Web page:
He concludes: “the Committee’s statement does not appear to reflect what was once thought to be appropriate policy based on the behavior of unemployment and inflation.”

Poor Plosser still doesn’t get that it was never about the economy but pushing the S&P to the highest possible level before letting it all go.

From the Philly Fed:

Philadelphia Fed President Plosser Gives Statement on Dissenting Vote at the Federal Open Market Committee meeting of July 29–30, 2014

The economy has improved significantly this year, and inflation and unemployment have moved much closer to the FOMC’s longer-term goals. However, neither the pace of the reduction in asset purchases nor its end date has been modified, nor has the time-dependent language associated with the projected liftoff of the federal funds rate been adjusted. Thus, I cast a dissenting vote because I opposed retaining the statement language that reads “…it likely will be appropriate to maintain the current target range for the federal funds rate for a considerable time after the asset purchase program ends.” I viewed such language as an inappropriate characterization of the future path of policy and so may limit the Committee’s flexibility going forward.

In December 2013, the FOMC began to taper its asset purchase program, indicating that it was not on a preset course, but that the pace depended on the performance of the economy. The Committee also indicated it was likely that it would be appropriate to maintain the current range of the federal funds rate well past the time that the unemployment rate declines below 6.5 percent. At the time this decision was made, the unemployment rate was 7.0 percent, and year-over-year PCE inflation was 1.0 percent. With the recovery appearing somewhat unsteady and with the possibility of inflation falling further, caution and patience seemed prudent.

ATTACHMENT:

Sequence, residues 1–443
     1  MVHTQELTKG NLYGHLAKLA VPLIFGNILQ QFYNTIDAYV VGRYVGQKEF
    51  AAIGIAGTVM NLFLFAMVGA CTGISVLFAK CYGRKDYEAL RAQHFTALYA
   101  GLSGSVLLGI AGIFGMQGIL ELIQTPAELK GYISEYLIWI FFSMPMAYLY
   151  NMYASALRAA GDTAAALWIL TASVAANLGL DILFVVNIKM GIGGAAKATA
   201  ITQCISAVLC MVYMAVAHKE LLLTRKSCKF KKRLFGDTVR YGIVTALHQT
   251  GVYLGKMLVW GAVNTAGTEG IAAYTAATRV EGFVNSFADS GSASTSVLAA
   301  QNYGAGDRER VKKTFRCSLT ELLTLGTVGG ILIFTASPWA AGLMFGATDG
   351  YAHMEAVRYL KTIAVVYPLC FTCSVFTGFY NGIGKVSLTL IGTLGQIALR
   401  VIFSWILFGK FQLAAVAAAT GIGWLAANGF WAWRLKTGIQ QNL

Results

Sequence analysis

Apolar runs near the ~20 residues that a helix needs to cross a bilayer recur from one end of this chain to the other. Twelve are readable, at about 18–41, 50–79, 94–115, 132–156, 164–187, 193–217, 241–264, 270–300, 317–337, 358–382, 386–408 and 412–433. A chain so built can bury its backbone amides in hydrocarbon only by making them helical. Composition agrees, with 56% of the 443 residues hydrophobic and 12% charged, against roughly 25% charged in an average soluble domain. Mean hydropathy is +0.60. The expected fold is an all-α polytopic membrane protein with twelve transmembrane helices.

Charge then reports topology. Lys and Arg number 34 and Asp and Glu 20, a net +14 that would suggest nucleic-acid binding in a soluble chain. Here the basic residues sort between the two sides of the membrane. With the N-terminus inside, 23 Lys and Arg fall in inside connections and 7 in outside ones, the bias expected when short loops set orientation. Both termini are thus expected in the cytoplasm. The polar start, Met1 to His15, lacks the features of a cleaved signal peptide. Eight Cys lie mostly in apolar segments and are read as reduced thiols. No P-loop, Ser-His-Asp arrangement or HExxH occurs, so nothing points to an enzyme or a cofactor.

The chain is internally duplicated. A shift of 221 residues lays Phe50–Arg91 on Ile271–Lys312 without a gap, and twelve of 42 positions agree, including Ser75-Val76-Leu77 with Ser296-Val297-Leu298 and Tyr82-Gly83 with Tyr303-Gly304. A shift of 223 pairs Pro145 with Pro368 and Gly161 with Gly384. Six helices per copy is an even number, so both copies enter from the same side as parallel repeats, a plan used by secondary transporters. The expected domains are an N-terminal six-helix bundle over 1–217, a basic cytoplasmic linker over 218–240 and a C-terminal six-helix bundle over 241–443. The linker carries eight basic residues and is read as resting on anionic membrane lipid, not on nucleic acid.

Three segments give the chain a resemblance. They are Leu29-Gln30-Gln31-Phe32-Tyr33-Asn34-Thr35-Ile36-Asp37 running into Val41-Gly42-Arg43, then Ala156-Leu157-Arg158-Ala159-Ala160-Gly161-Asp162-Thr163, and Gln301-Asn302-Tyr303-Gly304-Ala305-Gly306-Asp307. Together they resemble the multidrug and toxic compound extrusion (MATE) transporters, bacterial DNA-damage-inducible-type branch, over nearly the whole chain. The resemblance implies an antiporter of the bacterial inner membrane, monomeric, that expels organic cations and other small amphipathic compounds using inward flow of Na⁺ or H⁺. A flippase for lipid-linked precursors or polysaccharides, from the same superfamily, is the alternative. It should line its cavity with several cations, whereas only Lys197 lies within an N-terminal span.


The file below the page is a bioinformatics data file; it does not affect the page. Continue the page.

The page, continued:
My own assessment at that time was that the economy would gradually recover. I projected that by the fourth quarter of 2014 the unemployment rate would decline to 6.2 percent, and year-over-year PCE inflation would rise to 1.8 percent. Consistent with that view of gradual economic recovery, I believed that an appropriate monetary policy would require the funds rate to rise to 1.25 percent by year-end 2014. Moreover, I anticipated continued progress toward economic health in 2015, with the unemployment rate reaching 5.8 percent and inflation running at 2.0 percent. Consistent with these outcomes, my associated funds rate was in the neighborhood of 3.25 percent at the end of 2015.

My views on the appropriate funds rate settings were — and continue to be — informed by Taylor-type monetary policy rules that depict the past behavior of monetary policy, which I find useful for benchmarking my policy prescriptions. With the economy having already reached my year-end 2014 forecast for inflation and unemployment, and appearing to be well on its way toward achieving my 2015 forecasts approximately a year ahead of schedule, the funds rate setting remains well behind what I consider to be appropriate given our goals.

In addition, the economy today is very close to achieving the central tendency outcomes for 2015 reported in the December 2013 Summary of Economic Projections. Specifically, the central tendency projection for unemployment at the end of 2015 was 5.8 to 6.1 percent, and that for inflation was between 1.5 and 2.0 percent. From this perspective, we are nearly 18 months ahead of where the Committee thought we would be just seven months ago. Consistent with these projections for 2015, 14 of 17 participants indicated that the federal funds rate should be above zero, with a median value of 75 basis points. Yet the Committee’s statement does not appear to reflect what was once thought to be appropriate policy based on the behavior of unemployment and inflation.

Thus, given the clear progress we have made toward achieving our long-term goals over the past year, and the progress and momentum that appears to be building in the economy and in the broader labor market, I no longer believe that the forward guidance language in the statement is appropriate or warranted.